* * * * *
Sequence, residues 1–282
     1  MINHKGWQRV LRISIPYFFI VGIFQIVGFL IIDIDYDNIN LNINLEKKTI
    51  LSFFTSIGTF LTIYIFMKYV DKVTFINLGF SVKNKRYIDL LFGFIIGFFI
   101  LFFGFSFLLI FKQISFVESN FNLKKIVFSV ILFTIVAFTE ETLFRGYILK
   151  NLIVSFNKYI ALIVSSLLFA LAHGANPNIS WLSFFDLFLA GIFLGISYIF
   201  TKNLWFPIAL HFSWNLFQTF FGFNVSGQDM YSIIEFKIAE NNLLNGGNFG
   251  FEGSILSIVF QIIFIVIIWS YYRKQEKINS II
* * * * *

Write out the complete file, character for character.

Sequence, residues 1–282
     1  MINHKGWQRV LRISIPYFFI VGIFQIVGFL IIDIDYDNIN LNINLEKKTI
    51  LSFFTSIGTF LTIYIFMKYV DKVTFINLGF SVKNKRYIDL LFGFIIGFFI
   101  LFFGFSFLLI FKQISFVESN FNLKKIVFSV ILFTIVAFTE ETLFRGYILK
   151  NLIVSFNKYI ALIVSSLLFA LAHGANPNIS WLSFFDLFLA GIFLGISYIF
   201  TKNLWFPIAL HFSWNLFQTF FGFNVSGQDM YSIIEFKIAE NNLLNGGNFG
   251  FEGSILSIVF QIIFIVIIWS YYRKQEKINS II